- The Washington Times - Tuesday, May 23, 2006

How would you like to be Albert Pujols right now? I’m not talking about his 22 homers in the Cardinals’ first 44 games; anybody would like to be that Albert Pujols. I’m talking about all the suspicion swirling around baseball, all the doubt Prince Albert has to deal with.

“I’m sick and tired of people saying it, that I’m not 26,” he said after belting another one out of the park Sunday. “I know how old I am, and I know that I don’t use any of those bad things people are talking about that I use.”

Our “national pastime” has become the Game That Can’t Be Trusted. Fans have a hard time deciding what’s real anymore. The media guide says Pujols was born Jan. 16, 1980, in the Dominican Republic, but we’ve all heard the jokes about Dominican birth certificates. He could just as easily have been born Jan. 19, 1680. (Which would really be a story.)

So when someone says Pujols has more home runs at this age (223) than Hank Aaron (219 by his 27th birthday) — and nearly twice as many as Barry Bonds (117) — we say, “What age would that be? Does even Albert know for sure?”

And when someone starts swatting homers at a near-record rate, one that far exceeds his previous output, our antennae go up again. We wonder whether the slugger isn’t slipping some Human Growth Hormone into his pregame meal, whether he isn’t taking something the drug-testers haven’t caught up with yet.

Such is the climate in baseball today. It’s not that the players are presumed guilty, it’s just that they’re no longer presumed innocent — the way they were in the old days. The whole Age Thing is small potatoes, a bookkeeping matter, mostly. Who cares whether Pujols is doing this at 26, 27 or whatever? I mean, the man is putting up Lou Gehrig-type numbers.

But are the numbers totally legitimate? That’s what a lot of folks are wondering — and that’s the fallout from the andro/BALCO/Congressional hearings scandal. Pujols could be as clean as a just-out-of-the-box baseball, but his accomplishments will still be questioned because, well, that’s the world we live in now.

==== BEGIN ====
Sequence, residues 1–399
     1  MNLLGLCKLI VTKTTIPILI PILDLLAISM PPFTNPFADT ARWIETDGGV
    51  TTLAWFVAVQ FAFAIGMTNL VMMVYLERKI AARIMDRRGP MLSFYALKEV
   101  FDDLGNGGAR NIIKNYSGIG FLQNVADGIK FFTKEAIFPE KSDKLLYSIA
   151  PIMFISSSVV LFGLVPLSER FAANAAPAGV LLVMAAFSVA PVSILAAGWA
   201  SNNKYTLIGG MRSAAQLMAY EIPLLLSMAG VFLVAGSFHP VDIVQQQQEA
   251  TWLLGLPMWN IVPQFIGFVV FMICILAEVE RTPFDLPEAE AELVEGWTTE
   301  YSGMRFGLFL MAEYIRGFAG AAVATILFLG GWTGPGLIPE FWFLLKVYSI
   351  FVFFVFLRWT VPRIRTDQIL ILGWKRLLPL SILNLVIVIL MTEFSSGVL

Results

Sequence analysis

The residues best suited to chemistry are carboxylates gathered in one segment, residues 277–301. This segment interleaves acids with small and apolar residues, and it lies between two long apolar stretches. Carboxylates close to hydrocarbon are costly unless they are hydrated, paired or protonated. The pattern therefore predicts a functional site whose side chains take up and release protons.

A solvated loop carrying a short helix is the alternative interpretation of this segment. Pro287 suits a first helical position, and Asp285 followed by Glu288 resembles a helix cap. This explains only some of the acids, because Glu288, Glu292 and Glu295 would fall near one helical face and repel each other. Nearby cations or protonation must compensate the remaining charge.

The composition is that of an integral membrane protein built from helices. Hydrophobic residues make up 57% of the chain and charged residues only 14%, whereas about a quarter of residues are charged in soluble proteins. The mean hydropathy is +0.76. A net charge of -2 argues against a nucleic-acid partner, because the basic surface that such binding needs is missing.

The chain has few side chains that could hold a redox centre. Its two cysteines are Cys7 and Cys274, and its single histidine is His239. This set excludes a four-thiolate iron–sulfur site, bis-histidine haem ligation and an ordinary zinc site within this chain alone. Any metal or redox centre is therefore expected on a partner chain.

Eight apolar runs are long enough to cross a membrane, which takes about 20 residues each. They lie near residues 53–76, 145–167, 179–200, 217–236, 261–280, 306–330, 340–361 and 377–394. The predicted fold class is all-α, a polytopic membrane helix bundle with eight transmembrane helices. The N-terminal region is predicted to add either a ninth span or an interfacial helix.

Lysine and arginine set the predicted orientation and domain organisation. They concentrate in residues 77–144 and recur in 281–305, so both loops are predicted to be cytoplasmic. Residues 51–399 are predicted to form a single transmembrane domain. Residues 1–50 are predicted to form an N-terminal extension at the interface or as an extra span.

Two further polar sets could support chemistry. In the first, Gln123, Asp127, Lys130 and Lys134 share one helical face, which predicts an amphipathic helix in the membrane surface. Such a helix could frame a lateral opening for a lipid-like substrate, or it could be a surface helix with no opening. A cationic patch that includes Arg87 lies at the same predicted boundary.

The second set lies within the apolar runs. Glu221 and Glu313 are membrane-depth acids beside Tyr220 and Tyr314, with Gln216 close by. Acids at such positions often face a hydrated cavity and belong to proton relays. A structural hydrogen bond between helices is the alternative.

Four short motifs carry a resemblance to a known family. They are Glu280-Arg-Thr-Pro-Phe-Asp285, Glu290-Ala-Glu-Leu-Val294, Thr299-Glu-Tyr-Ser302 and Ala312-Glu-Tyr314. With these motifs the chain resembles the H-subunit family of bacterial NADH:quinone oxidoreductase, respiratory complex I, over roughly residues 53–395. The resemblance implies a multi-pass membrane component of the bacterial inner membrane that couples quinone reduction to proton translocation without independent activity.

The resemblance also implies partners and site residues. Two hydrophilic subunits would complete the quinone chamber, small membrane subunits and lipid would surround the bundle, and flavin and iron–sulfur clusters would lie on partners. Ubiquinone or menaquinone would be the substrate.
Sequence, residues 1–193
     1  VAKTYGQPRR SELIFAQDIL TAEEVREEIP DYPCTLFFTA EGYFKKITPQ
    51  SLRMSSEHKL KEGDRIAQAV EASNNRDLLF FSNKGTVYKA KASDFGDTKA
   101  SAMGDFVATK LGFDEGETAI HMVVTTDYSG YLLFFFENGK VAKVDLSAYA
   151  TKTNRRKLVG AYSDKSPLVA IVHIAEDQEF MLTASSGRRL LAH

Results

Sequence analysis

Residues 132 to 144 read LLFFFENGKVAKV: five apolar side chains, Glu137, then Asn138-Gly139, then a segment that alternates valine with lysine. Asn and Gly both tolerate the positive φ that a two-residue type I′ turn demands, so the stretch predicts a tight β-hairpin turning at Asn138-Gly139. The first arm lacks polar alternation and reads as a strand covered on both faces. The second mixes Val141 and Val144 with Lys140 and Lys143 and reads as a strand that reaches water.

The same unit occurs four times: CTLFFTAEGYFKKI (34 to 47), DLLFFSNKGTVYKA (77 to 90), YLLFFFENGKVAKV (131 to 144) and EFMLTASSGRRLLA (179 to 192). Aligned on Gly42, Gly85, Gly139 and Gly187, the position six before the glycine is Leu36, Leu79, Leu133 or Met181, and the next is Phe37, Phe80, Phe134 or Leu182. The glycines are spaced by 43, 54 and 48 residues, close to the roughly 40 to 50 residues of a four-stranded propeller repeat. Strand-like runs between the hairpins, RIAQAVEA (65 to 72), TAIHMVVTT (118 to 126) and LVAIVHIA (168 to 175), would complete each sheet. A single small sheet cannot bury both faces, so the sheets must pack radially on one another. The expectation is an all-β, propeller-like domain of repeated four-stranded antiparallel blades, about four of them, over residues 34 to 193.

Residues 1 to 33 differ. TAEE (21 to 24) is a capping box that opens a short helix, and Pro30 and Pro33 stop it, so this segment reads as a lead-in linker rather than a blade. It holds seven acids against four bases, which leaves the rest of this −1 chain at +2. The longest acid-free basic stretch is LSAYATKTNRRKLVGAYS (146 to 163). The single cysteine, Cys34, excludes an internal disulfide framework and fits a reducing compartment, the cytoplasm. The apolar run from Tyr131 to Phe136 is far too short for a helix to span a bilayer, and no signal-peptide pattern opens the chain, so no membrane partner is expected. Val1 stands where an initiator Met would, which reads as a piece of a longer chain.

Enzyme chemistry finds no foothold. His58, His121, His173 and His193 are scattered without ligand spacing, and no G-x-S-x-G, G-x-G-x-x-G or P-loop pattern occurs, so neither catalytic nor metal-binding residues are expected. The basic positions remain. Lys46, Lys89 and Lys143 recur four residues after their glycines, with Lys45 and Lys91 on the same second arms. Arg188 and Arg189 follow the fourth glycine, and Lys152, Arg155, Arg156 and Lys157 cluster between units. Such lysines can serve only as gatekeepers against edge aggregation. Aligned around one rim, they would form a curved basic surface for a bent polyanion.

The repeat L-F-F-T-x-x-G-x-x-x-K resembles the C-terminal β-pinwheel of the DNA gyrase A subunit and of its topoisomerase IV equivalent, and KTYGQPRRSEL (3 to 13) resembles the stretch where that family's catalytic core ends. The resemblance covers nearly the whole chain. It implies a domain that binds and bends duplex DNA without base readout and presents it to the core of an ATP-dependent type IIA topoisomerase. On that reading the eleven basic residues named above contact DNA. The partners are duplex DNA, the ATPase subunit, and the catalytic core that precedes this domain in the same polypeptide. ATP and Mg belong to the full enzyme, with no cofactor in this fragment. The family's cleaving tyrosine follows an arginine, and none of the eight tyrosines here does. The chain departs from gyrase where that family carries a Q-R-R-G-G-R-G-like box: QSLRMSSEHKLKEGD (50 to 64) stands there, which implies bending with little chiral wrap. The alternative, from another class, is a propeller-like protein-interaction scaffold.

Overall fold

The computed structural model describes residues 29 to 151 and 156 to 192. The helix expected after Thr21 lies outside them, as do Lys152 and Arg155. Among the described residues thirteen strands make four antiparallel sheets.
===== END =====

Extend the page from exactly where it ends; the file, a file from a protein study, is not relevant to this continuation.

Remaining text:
And it’s a world created by Bonds and Mark McGwire and Sammy Sosa and Jose Canseco and others of their ilk. That, ultimately, is their legacy. Instead of bringing glory to the game, they brought skepticism.

Pujols should be enjoying this ride, this transformation from Terrific All-Around Hitter to Slugger For The Ages. Unfortunately for him, it comes at a time when home run totals in the major leagues are beginning to spike up again. Through Sunday’s games, no fewer than nine teams were on pace to hit 200 homers. Included in that group were the Nationals, who a year ago needed a catapult to get the ball out of RFK Stadium.

Yes, Alfonso Soriano’s big bat has been added to the Washington lineup, but there’s clearly more to it than that. And since the dimensions of RFK haven’t changed, it’s only natural to speculate about whether MLB is injecting the baseballs with steroids — to keep them flying over the fence. It’s in the game’s interest, after all, that it not return to the days of the stolen base and the hit and run. Everybody loves the long ball, not just chicks.

But if that’s the case, the owners must think we’re dummies. They must think we’ll see all these balls landing in the seats — deposited there by players who have passed drug inspection — and say, “Maybe steroids weren’t the match that set off the home run explosion. Maybe it would have happened anyway.” Sorry, gents, but it’s too late for such revisionism.

What’s done can’t be undone by Albert Pujols hitting 22 homers in 44 games. It can’t be undone, either, by Pujols sticking up for Bonds, telling fans to “give him a break” and to “respect the numbers … he has put up.” (It’s interesting, though, that he told them to respect “the numbers” rather than the man.)

By going to bat for Bonds, all Pujols does is lump himself in with him, and that’s the last thing any player should want. Why in the world would Albert do it? Doesn’t he realize that if it weren’t for Barry and his kind, his life would be infinitely more pleasurable, that he wouldn’t have to keep insisting to a questioning public that “I don’t use any of those bad things people are talking about that I use”?

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